Accountability for a better regional future

Some government employees are terrible and they make it seem like they alone are the reason for all the issues in government work. We should be able to fire them more easily. There absolutely should be a way to get rid of them. But that’s a whole other can to open. I am going to argue that they actually aren’t the real, big problem. Yes, there are people working for this City’s planning, development, and construction sections who don’t know much about the Code or about SEPA or any other number of very important tools.

My good friend works for this City in one of those sections, and he is very smart, hard working, and is moving up quickly. I asked him how the bulk of his problems could be solved, and he told me the absolute, number one, most needed thing to do is make information more easily accessible and understandable so that the people reviewing don’t have to waste most of their time on project applicants who haven’t been in the business forever. For example, these applicants give messy drawings and expect the City to figure out their mess. They don’t know Code and seem to not know how to find Code let alone navigate a murky regulatory framework that seems to never end.

Information such as rules, code, law, process steps, and zoning need to be more public, easily accessible, understandable, and a requirement to know before plan/permit submittal. Information should be in one easy to navigate process/user experience in the form of a training.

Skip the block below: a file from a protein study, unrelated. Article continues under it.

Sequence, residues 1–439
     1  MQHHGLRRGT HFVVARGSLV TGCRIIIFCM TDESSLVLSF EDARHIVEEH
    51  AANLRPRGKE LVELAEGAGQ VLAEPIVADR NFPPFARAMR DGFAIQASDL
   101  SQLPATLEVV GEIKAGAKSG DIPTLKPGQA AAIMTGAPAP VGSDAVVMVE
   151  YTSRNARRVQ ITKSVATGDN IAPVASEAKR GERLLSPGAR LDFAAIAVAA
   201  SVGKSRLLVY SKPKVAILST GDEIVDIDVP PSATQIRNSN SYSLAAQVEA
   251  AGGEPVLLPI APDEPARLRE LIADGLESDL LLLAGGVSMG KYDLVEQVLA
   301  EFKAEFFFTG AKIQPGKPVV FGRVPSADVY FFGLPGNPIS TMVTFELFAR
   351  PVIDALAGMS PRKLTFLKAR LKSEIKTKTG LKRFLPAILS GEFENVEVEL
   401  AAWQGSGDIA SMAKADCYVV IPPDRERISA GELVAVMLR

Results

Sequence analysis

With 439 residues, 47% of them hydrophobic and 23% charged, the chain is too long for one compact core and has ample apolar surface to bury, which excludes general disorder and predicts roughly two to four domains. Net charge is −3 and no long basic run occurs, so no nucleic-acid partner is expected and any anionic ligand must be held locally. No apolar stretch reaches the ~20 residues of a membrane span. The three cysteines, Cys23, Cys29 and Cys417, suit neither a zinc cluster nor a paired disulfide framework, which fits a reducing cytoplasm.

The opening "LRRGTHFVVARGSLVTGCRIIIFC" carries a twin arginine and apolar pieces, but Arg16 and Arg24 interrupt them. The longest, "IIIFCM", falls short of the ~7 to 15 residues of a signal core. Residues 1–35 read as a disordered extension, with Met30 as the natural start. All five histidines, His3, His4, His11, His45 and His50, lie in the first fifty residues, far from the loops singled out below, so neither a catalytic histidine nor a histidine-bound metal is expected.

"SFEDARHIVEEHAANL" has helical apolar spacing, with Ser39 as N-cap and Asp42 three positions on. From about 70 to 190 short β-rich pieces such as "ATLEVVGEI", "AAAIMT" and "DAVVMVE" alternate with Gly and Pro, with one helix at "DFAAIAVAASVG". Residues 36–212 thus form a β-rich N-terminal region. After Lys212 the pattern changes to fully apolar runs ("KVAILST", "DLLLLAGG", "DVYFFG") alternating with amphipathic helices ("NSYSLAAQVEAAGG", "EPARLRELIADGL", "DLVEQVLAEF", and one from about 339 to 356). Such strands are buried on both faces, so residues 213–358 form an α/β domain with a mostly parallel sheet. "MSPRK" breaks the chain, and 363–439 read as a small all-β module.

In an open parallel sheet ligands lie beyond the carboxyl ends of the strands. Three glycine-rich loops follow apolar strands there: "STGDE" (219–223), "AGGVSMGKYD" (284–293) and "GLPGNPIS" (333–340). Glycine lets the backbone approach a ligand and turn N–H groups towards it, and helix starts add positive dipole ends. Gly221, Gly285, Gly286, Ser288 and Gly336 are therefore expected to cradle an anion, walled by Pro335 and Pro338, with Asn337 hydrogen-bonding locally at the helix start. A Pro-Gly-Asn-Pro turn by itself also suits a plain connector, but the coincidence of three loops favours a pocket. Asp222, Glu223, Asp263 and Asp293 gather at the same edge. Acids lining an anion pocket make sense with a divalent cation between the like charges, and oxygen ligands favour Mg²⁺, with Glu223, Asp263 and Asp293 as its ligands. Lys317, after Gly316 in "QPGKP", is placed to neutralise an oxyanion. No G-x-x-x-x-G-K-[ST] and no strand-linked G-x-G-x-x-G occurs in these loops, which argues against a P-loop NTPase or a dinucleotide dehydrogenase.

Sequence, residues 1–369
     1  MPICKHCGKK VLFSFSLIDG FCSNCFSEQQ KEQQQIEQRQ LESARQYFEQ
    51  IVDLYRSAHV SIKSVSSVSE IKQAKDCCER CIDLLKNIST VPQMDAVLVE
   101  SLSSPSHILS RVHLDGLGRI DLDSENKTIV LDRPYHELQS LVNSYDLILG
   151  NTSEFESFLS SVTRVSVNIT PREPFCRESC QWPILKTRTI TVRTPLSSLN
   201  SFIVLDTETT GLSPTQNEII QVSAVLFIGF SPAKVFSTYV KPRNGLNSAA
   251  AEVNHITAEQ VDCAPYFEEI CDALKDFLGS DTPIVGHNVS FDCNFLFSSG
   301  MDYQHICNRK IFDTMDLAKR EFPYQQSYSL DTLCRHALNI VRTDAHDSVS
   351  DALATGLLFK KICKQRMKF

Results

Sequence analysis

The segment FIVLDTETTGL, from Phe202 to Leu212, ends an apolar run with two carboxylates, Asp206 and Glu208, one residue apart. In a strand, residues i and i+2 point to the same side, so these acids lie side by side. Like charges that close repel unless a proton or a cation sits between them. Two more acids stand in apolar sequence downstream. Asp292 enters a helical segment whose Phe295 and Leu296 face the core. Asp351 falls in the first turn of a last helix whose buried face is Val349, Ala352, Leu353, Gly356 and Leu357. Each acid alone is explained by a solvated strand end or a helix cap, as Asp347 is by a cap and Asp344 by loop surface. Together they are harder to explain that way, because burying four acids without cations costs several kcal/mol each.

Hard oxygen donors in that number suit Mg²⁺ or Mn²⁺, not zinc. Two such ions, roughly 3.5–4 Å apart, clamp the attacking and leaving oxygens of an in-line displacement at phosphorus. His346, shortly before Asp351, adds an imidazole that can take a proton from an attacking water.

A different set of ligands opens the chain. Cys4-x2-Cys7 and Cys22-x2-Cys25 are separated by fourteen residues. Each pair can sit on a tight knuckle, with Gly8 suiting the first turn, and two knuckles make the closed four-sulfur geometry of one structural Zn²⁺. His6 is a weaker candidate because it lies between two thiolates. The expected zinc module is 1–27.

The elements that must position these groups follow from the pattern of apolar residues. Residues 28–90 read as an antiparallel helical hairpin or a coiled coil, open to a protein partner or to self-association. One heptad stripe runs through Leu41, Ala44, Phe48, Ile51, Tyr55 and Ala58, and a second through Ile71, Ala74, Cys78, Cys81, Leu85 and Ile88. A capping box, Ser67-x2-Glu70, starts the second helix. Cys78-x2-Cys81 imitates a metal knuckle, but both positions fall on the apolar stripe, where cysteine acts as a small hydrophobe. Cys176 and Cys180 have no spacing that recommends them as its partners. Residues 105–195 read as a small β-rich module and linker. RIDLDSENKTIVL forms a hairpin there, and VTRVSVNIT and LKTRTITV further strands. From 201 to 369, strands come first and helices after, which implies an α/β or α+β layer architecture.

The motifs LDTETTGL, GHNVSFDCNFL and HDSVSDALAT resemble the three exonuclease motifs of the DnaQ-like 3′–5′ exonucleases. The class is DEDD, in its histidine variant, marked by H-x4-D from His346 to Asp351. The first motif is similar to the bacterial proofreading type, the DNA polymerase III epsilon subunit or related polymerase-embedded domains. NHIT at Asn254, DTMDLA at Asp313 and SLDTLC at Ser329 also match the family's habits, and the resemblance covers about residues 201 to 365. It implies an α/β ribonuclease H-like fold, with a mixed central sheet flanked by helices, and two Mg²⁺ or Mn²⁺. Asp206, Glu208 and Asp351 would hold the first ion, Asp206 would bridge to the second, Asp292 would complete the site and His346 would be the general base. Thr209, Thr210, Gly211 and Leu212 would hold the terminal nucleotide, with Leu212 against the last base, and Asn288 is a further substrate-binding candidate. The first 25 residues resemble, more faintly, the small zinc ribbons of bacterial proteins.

A group of people (such as my smart friend) need to create this detailed process, tree-like, training tool that shows every single little step needed to implement buildings, cafes, trees, anything using application, permitting, and review processes (and mega tax dollars). Next, the City needs to make it a requirement that an applicant watch the training–our society requires this for driving! We should require it for development. If someone at your company has already sat through the training in a year, then you don’t have to do it again until the next year or two. Additionally, updates can be sent out to those who have sat through the training just like SEPA does for people who are signed up for its updates. If you only want to get a tree permit, then only do the tree training. If you only do single family, there’s no use in making you sit through the large office tower training. I’m sure there are lots of kinks to think about such as those. Point is: training should be a requirement.

My friend works 60 hour weeks wasting most time on applicants who failed in their accountability. If you apply to build, you should know what you’re doing or be open to being shown how to learn fast. He could spend those wasted hours on project applicants who are legitimate. Your curb cut may be seen to sooner next time, if the employees had taken this type of training and thus felt assured of their answer and of not getting in trouble for guessing. The training gives them the power to know what they tell you passes muster without needing god’s approval.

One more thing needs to happen! The directors need to be sent to other cities like New York or Frankfurt to learn about other regulatory methods and implementation processes and then the directors should have to report back to the Mayor, City Council, and their department employees in a formal presentation about what they learned and which changes they will make by the following year based on what they learned.

These things would bring accountability to applicants and City employees simultaneously creating a better regional future.

Accountability should be instilled on both sides of the wall.
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Image from http://mathieudietrich.com/
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